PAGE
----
Tin, used in solder for electronics, when removed from the ground is mixed with a variety of other metals and materials. In that condition, the ore only exhibits a faint indication of its electricity conductive properties. To bring out these properties, the ‘impurities’ are removed through a process called smelting. Smelting uses heat and other chemicals to decompose a base metal from the ore in which it is found.  This process, because it produces various bi-products, some toxic and dangerous is usually undertaken close to the place of original extraction. Smelting operations leave behind “wastelands” of economically insignificant “tailings”, waste products which are utterly unredeemable because there is no epistemology of the that part of the process.

Just as the tin in our electronics is refined so as to behave (slavishly) exactly according to specification, great diversity of human being is constrained to machinic roles in the production of advanced technology. The was clearly perceived by the “father” of cybernetics, Norbert Wiener:

“…mechanical labor has most of the economic properties of slave labor, although, unlike slave labor, it does not involve the direct demoralizing effects of human slavery. However, any labor that accepts the conditions of competition with slave labor accepts the conditions of slave labor, and is essentially slave labor … It cannot be good for these new potentialities to be assessed in the terms of the market, of the money they save …” [6]

Invisibly, “beneath the API” [7], people actually labour as a function or part of computerized processes. The capitalist narrative of social “progress” through high technology is intentionally narrow. “freedoms” we are promised are always predicated on “unfreedoms”, discipline and order, unseen or overlooked, in the inner workings of the apparatus the provides the freedom. The shadow of this freedom is waste. Waste is freedom without agency.

There is always a trade-off between freedom and order.  Despite official pronouncements affirming the dignity and rights of all human beings, certain populations have for generations been subordinated to playing machinic roles in techno-industry. The great accomplishments of (post-)modern technology is predicated on the waste of the intellectual, creative and inventive potential of generations of human beings through imperialism, slavery and colonization.



[1] Michal Kalecki, (1943) Political aspects of full employment, Political Quarterly, vol 14, no 4 : 322-331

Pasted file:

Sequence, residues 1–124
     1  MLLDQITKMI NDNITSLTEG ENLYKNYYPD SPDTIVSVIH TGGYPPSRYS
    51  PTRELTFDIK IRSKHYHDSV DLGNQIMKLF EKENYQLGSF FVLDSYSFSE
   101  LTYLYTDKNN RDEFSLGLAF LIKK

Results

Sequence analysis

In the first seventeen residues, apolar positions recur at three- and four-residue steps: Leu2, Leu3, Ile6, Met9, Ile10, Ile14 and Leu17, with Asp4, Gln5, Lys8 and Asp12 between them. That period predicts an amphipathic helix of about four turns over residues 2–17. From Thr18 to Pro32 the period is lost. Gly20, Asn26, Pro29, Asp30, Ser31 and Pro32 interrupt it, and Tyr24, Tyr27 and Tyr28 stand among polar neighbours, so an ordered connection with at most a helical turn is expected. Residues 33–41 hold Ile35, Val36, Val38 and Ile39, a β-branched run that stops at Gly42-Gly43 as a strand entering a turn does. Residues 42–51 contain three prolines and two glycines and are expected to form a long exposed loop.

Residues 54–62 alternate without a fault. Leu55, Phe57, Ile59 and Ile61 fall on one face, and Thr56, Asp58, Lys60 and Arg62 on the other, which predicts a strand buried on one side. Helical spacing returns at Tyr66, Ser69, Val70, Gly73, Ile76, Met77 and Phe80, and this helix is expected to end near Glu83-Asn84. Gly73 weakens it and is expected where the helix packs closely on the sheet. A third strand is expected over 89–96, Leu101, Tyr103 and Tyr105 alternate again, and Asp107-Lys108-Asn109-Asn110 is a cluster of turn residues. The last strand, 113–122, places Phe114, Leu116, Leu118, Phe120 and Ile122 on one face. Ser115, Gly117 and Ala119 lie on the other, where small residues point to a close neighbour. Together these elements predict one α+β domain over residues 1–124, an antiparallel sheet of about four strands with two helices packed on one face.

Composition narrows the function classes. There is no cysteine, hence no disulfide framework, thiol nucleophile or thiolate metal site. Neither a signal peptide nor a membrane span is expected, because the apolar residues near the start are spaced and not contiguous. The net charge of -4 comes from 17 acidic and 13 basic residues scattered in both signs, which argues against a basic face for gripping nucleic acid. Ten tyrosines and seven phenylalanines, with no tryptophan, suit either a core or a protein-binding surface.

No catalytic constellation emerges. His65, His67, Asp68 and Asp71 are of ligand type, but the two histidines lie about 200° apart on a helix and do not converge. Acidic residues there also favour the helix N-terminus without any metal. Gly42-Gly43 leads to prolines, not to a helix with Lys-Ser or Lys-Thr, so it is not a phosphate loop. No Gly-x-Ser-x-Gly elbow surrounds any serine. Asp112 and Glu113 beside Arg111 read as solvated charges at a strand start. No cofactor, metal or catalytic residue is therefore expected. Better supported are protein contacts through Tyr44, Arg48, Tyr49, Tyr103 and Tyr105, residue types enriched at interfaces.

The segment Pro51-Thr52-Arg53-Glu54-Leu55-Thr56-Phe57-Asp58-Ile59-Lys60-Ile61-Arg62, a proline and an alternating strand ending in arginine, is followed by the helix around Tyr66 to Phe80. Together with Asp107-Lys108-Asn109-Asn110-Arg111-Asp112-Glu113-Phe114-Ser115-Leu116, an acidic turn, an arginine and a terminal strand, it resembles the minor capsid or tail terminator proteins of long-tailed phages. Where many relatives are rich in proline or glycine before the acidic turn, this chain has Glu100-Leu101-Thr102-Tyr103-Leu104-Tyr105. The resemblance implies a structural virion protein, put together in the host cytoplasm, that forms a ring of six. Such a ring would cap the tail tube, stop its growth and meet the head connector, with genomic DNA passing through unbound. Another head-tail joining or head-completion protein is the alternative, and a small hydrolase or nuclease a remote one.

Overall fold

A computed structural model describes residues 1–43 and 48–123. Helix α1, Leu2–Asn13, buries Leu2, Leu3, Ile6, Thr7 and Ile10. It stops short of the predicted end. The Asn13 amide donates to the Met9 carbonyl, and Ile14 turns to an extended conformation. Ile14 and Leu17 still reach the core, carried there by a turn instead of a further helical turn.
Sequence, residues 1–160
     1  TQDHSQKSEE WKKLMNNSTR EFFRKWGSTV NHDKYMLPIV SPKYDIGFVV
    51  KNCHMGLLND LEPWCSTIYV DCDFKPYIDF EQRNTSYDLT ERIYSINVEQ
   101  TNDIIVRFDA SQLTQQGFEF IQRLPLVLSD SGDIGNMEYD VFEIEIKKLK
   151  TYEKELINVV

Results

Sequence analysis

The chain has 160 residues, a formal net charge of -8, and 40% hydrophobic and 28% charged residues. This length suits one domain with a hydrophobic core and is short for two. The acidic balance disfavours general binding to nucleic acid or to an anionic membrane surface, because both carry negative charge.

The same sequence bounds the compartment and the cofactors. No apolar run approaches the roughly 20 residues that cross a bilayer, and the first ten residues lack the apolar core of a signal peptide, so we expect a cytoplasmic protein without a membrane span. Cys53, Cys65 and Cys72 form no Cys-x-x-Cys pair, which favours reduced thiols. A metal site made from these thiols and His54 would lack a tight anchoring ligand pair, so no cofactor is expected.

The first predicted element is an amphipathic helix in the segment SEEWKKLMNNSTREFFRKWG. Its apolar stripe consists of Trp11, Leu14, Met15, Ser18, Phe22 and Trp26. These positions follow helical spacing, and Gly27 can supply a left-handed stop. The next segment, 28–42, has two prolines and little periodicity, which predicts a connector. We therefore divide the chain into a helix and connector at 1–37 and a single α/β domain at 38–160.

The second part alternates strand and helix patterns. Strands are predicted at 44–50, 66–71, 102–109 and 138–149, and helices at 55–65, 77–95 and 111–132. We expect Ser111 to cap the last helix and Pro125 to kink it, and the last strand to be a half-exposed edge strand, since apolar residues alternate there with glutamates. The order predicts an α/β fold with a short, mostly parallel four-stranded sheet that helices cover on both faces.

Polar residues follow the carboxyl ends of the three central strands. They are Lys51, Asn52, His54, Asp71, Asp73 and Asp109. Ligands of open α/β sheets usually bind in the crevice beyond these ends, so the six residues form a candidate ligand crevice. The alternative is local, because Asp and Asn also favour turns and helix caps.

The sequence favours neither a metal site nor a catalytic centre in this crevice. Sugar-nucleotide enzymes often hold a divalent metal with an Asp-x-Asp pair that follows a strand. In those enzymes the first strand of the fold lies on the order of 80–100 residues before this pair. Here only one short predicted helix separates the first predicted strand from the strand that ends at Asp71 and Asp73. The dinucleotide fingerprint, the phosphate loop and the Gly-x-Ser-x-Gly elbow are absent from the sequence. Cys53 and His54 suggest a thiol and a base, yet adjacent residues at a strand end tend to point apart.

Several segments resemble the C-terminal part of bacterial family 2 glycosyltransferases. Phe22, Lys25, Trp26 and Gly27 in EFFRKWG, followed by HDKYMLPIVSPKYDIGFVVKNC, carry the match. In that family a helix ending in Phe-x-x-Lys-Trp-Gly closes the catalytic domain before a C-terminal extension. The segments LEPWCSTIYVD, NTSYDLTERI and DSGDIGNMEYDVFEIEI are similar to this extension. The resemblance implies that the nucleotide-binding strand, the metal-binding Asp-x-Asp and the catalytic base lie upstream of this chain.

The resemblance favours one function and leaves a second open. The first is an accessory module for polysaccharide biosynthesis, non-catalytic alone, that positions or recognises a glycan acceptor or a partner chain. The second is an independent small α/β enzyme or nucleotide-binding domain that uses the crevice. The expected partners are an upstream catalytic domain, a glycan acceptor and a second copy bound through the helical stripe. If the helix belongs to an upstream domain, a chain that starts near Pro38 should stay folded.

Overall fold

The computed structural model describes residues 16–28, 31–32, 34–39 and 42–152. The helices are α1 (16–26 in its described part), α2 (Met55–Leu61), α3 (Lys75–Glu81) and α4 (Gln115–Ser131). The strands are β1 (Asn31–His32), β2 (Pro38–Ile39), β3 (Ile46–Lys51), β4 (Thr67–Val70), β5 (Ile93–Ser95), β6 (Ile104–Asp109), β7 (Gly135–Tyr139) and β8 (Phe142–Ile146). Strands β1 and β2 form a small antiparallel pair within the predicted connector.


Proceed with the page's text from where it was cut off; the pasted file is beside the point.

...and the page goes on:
[3] Silvia Federici: see “Precarious Labor: A Feminist Perspective”  The Journal of Aesthetics and Protest,  In the Middle of a Whirlwind: 2008 Convention Protests, Movement & Movements

[4] a historical example from Marx’s Capital Vol.1 Part 6, footnote 52:

“One example. In London there are two sorts of bakers, the “full priced,” who sell bread at its full value, and the “undersellers,” who sell it under its value. The latter class comprises more than three-fourths of the total number of bakers. (p. xxxii in the Report of H. S. Tremenheere, commissioner to examine into “the grievances complained of by the journeymen bakers,” &c., Lond. 1862.) The undersellers, almost without exception, sell bread adulterated with alum, soap, pearl ashes, chalk, Derbyshire stone-dust, and such like agreeable nourishing and wholesome ingredients. (See the above cited blue book, as also the report of “the committee of 1855 on the adulteration of bread,” and Dr. Hassall’s “Adulterations detected,” 2d Ed. Lond. 1862.) Sir John Gordon stated before the committee of 1855, that “in consequence of these adulterations, the poor man, who lives on two pounds of bread a day, does not now get one fourth part of nourishing matter, let alone the deleterious effects on his health.” Tremenheere states (l. c. p. xlviii), as the reason, why a very large part of the working class, although well aware of this adulteration, nevertheless accept the alum, stone-dust, &c., as part of their purchase: that it is for them “a matter of necessity to take from their baker or from the chandler’s shop, such bread as they choose to supply.” As they are not paid their wages before the end of the week, they in their turn are unable “to pay for the bread consumed by their families, during the week, before the end of the week,” and Tremenheere adds on the evidence of witnesses, “it is notorious that bread composed of those mixtures, is made expressly for sale in this manner.” In many English and still more Scotch agricultural districts, wages are paid fortnightly and even monthly; with such long intervals between the payments, the agricultural labourer is obliged to buy on credit…. He must pay higher prices, and is in fact tied to the shop which gives him credit. Thus at Horningham in Wilts, for example, where the wages are monthly, the same flour that he could buy elsewhere at 1s 10d per stone, costs him 2s 4d per stone. (“Sixth Report” on “Public Health” by “The Medical Officer of the Privy Council, &c., 1864.” p. 264.) “

[5] Benjamin Bratton, The Stack, MIT Press, Cambridge 2015, p. 82

[6] Norbert Wiener (1965) Cybernetics. MIT Press, Cambridge, p.27